A decision is due from Unesco committee members meeting in Doha on Thursday or Friday for the stunning drawings at Chauvet Cave, which are some of the world's oldest man-made paintings.
At some 36,000 years old the paintings at Chauvet are twice the age of those at the so-called Sistine Chapel of Prehistory in Lascaux, France, which have had Unesco protection since 1979. The drawings at Lascaux were only discovered in 1994 after having lay hidden beneath a rock slide for 20,000 years.
Altogether, at least 30 natural and cultural sites, including the Erbil Citadel in Iraq's Kurdistan, are vying to get the United Nations cultural body's prestigious distinction and add their names to an already 981-strong list.
Inclusion on the list has significant economic implications as a World Heritage site is eligible for financial assistance towards preservation and the coveted status is also a powerful draw for tourists.
The June 15-25 World Heritage Committee gathering will also mull whether to put London's Westminster Palace on its list of endangered sites.
And in a first for a developed country, Australia is asking that large swathes of its Tasmanian Wilderness — one of the last expanses of temperate rainforest in the world — be delisted to make way for loggers.
Age-old cave paintings
Submitted by France, the Chauvet Cave, located in a limestone plateau of the meandering Ardeche River in southern France, contains more than 1,000 pictures — many of which feature animals such as bison, mammoths and rhinos.
Because the cave was only discovered 20 years ago by spelunkers, more drawings are expected to be found in remote parts of the grotto.
The cave is completely closed to the public and a replica is due to open in 2015. In contrast Lascaux was open to the public for nearly 15 years from 1948. The carbon dioxide from visitors in those early years and a fungus possibly spurred by an air conditioning system in recent years have damaged the paintings.
In May experts from gave a favourable recommendation to granted world heritage status to Chauvet, however committee members have the final say.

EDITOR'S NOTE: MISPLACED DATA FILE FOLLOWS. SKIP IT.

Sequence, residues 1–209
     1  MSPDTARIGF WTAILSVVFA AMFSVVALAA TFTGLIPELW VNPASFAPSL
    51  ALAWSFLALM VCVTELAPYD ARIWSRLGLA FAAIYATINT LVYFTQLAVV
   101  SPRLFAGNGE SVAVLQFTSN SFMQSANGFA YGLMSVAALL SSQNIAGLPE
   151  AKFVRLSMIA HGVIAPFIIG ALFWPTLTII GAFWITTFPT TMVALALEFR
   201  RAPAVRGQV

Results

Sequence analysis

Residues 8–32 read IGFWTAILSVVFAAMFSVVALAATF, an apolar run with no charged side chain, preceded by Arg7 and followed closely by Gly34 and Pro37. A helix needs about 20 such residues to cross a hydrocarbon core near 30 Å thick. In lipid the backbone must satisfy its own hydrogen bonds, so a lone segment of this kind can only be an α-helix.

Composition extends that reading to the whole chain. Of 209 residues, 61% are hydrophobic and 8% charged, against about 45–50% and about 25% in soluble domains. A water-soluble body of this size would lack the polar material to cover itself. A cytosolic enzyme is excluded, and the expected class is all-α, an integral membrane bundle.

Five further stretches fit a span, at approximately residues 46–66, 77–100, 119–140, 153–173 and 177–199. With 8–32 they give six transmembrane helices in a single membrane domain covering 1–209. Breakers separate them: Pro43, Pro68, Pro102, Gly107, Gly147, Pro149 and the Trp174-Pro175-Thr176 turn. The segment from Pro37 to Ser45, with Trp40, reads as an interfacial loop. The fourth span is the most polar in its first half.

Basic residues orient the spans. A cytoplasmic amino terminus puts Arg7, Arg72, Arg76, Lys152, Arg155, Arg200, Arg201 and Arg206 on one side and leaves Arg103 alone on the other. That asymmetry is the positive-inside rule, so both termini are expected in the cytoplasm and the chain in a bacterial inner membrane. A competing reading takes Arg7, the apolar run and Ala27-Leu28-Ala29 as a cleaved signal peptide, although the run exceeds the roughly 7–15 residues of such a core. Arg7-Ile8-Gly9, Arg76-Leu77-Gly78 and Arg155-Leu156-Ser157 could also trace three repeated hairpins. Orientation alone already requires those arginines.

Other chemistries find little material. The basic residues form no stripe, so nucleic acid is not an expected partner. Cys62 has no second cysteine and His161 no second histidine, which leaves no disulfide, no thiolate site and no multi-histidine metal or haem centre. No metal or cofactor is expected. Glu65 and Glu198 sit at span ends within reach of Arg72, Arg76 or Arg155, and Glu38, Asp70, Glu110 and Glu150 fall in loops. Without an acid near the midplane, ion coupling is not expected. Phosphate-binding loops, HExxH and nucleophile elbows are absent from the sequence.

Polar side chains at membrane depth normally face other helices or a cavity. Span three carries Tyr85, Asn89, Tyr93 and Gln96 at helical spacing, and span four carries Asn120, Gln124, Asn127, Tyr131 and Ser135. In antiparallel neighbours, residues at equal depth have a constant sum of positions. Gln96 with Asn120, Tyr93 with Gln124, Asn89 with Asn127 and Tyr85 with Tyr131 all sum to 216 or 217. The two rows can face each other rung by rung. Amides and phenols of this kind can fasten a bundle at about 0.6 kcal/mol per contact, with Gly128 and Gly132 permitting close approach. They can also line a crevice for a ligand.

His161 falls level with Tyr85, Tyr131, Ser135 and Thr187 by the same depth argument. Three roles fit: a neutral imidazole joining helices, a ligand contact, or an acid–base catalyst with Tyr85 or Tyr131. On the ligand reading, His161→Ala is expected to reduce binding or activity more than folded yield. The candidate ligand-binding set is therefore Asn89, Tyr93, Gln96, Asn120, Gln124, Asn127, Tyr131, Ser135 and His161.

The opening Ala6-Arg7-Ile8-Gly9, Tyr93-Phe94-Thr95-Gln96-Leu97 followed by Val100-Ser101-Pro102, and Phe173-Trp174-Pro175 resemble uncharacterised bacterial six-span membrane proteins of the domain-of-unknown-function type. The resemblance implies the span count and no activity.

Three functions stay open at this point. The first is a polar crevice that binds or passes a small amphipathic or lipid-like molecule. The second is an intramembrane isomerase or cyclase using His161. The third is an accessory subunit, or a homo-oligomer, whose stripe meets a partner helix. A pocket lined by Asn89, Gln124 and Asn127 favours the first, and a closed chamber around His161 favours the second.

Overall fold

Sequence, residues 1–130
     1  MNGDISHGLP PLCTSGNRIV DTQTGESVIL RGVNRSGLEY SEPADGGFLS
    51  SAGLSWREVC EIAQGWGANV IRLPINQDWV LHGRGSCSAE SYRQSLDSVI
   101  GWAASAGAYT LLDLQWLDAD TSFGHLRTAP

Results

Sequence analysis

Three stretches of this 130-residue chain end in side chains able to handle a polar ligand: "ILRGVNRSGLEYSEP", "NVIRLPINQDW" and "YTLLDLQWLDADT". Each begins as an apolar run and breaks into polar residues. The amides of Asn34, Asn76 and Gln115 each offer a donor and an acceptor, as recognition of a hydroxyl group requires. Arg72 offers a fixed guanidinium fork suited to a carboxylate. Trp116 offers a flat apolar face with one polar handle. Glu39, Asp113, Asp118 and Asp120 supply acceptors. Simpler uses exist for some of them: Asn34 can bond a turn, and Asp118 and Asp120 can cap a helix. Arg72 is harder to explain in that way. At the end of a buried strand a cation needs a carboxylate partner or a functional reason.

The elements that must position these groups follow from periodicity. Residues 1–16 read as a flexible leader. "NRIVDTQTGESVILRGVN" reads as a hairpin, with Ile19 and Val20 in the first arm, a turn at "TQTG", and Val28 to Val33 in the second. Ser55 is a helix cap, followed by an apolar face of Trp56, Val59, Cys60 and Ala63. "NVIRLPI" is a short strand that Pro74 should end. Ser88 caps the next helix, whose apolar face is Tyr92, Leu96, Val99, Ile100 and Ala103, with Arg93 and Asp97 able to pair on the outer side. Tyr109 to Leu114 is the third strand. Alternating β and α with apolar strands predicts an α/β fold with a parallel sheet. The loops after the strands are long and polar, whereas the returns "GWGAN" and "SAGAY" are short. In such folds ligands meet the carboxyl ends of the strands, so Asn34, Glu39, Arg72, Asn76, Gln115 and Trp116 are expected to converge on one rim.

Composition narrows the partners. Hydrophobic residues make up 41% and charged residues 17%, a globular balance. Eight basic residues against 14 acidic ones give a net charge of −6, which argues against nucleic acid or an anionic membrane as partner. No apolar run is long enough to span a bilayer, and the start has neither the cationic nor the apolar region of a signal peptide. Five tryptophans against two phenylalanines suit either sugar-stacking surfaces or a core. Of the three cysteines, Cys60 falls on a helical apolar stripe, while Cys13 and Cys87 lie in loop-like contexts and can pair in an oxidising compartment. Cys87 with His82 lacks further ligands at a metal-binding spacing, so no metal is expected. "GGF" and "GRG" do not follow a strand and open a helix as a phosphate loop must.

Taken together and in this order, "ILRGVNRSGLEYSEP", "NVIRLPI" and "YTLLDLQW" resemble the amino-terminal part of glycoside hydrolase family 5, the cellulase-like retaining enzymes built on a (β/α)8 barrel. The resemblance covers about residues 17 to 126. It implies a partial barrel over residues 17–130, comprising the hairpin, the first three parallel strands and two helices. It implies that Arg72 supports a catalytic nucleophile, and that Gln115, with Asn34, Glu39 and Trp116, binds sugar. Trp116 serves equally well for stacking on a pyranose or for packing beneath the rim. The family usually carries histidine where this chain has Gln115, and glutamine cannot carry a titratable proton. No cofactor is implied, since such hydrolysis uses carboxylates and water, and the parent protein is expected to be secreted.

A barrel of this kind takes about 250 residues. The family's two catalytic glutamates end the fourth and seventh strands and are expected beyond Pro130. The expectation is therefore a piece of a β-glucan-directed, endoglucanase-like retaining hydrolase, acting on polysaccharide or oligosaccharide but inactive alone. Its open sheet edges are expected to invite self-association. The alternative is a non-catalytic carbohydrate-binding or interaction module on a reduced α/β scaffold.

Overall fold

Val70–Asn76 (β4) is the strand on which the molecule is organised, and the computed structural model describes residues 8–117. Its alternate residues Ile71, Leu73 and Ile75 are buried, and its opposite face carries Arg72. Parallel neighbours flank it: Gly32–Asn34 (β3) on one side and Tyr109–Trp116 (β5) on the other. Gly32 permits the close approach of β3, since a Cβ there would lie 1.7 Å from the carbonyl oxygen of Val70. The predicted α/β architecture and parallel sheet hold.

Westminster Palace warning
The committee, which consists of representatives from 21 countries elected for six years, will also use the Doha meeting to issue warnings.
It has, for instance, raised concern that there are too few restrictions governing the development of skyscrapers in London, which it says could affect Westminster Palace, a World Heritage site.
The committee warned that "there do not seem to be defined settings or overall agreed constraints in place to ensure that new tall buildings do not impact on important views and other attributes of the property".
Australia will also be under scrutiny, with two of its most high-profile protected areas facing threats to their status as World Heritage sites.
The Great Barrier Reef, one of the most biodiverse places on the planet, is considered in poor health and UNESCO is mulling whether to downgrade its status to "World Heritage in Danger" at the Doha meeting.
It is under growing pressure not just from climate change and the destructive coral-eating crown-of-thorns starfish, but agricultural runoff and rampant coastal development linked to mining.
Another of Australia's natural wonders under threat is the Tasmanian Wilderness, which covers nearly 20 percent, or 1.4 million hectares, of the southern island state.
Prime Minister Tony Abbott, who favours more access for loggers, has requested UNESCO remove its World Heritage status from 74,000 hectares (183,000 acres) of the area, claiming it was not pristine — but this could be rejected at the meeting.
The nominated sites have already been examined by two consultative bodies that transmit their positive or negative recommendations to the committee, although these are not always followed.